Yale University’s Chief Investment Officer David Swensen, dubbed the ‘Warren Buffet’ of the school’s endowment fund, apparently has a predilection for making smart investments that earned him his moniker, and now Swensen is placing bets on two venture funds dedicated to digital currencies, per a report.
With $29.4 billion under his management, it’s safe to say that Swensen has faith in these cryptocurrency funds, giving Bitcoin and its peers a much-needed vote of confidence. Swensen’s investment team has already allocated capital towards Andreessen Horowitz’s inaugural $300 million crypto fund, but it closed early this summer.
Other forays by Swensen into the cryptocurrency space include an investment in Paradigm, a blockchain and cryptocurrency-focused fund that was started by Coinbase co-founder Fred Ehrsam in conjunction with former Sequoia Capital partner Matt Huang.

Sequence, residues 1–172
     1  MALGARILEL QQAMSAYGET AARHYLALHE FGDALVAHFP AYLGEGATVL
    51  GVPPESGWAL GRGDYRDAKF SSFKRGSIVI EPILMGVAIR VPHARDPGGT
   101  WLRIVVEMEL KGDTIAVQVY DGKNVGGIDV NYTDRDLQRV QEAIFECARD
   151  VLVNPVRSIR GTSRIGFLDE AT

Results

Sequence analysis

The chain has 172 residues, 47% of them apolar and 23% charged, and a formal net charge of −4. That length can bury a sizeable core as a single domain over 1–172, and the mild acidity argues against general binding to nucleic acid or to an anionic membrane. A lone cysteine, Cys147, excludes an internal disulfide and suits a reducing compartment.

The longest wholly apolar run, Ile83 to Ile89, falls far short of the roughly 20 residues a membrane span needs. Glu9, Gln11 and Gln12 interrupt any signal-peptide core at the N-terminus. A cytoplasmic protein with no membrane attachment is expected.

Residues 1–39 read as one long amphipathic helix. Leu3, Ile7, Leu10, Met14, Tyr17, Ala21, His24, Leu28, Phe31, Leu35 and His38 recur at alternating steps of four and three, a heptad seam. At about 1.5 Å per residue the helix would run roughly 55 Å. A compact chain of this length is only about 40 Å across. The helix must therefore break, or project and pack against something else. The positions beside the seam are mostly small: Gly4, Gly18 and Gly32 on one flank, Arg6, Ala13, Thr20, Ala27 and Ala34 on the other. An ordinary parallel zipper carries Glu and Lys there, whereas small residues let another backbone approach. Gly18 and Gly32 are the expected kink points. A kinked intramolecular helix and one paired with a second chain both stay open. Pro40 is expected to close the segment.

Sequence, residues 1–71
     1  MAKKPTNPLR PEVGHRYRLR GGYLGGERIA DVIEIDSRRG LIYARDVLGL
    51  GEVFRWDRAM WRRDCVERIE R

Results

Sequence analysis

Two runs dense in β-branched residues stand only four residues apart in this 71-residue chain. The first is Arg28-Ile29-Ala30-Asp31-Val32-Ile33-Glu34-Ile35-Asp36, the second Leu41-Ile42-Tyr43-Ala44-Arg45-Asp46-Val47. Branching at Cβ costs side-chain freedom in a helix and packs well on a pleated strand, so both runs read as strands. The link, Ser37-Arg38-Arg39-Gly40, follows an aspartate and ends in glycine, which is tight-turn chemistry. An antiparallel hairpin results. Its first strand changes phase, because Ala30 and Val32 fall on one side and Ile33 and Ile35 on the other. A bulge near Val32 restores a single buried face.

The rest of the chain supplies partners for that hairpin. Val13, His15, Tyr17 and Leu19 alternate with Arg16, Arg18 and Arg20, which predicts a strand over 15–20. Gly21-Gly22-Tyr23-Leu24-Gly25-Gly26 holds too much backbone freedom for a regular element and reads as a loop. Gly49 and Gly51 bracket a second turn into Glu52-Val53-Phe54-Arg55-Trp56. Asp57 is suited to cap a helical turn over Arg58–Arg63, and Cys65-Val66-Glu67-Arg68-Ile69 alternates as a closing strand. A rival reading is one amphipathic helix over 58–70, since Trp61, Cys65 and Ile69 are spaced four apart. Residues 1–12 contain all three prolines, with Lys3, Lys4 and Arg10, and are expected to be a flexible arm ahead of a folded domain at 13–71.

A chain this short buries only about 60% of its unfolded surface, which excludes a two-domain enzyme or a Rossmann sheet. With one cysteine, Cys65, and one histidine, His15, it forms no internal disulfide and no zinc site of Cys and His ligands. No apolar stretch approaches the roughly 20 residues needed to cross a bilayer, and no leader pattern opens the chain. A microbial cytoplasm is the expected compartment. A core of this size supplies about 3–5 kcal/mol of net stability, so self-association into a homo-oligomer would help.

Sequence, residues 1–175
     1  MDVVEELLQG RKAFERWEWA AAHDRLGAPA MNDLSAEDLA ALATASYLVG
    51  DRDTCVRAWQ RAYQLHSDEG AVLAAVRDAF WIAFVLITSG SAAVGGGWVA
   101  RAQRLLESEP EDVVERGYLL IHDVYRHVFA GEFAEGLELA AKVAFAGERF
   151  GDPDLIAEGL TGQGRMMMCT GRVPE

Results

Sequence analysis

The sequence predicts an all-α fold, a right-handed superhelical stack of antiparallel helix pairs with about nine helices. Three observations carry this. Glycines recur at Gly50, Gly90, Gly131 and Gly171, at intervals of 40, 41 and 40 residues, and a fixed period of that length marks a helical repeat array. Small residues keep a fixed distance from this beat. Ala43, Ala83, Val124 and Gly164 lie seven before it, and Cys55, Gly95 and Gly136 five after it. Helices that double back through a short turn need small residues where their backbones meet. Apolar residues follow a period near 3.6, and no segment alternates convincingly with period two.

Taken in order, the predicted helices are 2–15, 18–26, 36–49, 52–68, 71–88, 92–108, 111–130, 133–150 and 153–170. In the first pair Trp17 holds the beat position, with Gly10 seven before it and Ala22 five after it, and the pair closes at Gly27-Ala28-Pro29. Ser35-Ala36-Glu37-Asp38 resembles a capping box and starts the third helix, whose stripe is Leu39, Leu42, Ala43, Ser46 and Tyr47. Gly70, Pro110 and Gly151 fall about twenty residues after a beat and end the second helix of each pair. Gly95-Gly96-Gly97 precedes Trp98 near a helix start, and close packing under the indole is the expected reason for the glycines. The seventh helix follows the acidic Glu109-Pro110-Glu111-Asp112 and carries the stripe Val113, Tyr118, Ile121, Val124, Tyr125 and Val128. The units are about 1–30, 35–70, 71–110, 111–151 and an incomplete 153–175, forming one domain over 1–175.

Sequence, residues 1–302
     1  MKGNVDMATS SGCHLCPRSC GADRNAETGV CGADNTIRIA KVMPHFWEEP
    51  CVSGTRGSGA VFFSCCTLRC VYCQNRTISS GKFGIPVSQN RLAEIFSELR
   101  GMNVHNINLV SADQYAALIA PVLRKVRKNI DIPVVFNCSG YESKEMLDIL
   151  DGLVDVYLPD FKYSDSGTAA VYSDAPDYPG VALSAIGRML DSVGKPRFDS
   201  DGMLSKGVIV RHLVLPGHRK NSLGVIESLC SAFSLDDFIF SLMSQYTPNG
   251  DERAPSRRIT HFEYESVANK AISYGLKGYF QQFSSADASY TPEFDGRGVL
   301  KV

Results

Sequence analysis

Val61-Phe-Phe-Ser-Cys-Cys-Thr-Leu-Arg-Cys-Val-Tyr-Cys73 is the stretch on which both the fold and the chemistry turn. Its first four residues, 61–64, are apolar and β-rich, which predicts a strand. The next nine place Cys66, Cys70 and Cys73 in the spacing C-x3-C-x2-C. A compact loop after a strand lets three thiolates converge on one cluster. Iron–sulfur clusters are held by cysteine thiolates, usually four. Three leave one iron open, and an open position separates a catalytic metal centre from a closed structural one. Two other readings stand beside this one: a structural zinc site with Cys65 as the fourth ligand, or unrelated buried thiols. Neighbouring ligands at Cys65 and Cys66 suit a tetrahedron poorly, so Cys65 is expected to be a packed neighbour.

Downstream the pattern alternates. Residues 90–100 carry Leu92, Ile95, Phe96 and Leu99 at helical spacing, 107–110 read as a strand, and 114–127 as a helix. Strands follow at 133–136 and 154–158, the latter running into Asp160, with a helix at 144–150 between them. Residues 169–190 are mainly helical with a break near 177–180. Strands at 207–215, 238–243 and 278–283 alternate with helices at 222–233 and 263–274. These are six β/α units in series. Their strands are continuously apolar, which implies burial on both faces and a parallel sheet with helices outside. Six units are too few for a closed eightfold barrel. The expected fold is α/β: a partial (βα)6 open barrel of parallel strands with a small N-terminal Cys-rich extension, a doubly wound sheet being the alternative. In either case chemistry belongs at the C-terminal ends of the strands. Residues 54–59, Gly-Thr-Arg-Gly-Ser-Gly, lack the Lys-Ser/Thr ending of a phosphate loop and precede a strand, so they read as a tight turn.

Swensen’s investing prowess is the stuff of legends, dating back to 1985 when Yale’s endowment fund was a paltry $1 billion compared to its current size. Per CNBC, “Yale’s endowment returned an annualized 7.4 percent in the past decade and 11.8 percent over 20 years, according to its annual report. The fund gained 12.3 percent from June 2017 through June 2018, the university announced this week. Harvard University, with a $39.2 billion endowment, posted a 10 percent gain.”
Bitcoin’s price currently stands at $6,593.60 as of 12:00 p.m. ET.
A Bitcoin ETF in 2019?
The price of Bitcoin reached a high of $20,000 in late December of last year, but has since lost over 60% of its value as digital currencies continue to face concerns regarding manipulation and security. Despite efforts by various firms to bring Bitcoin and other cryptocurrencies under regulatory control, Bitcoin ETFs continue to face an obstructed path to legitimacy in the investment space and despite efforts by firms, they keep encountering resistance in the form of the Securities and Exchange Commission.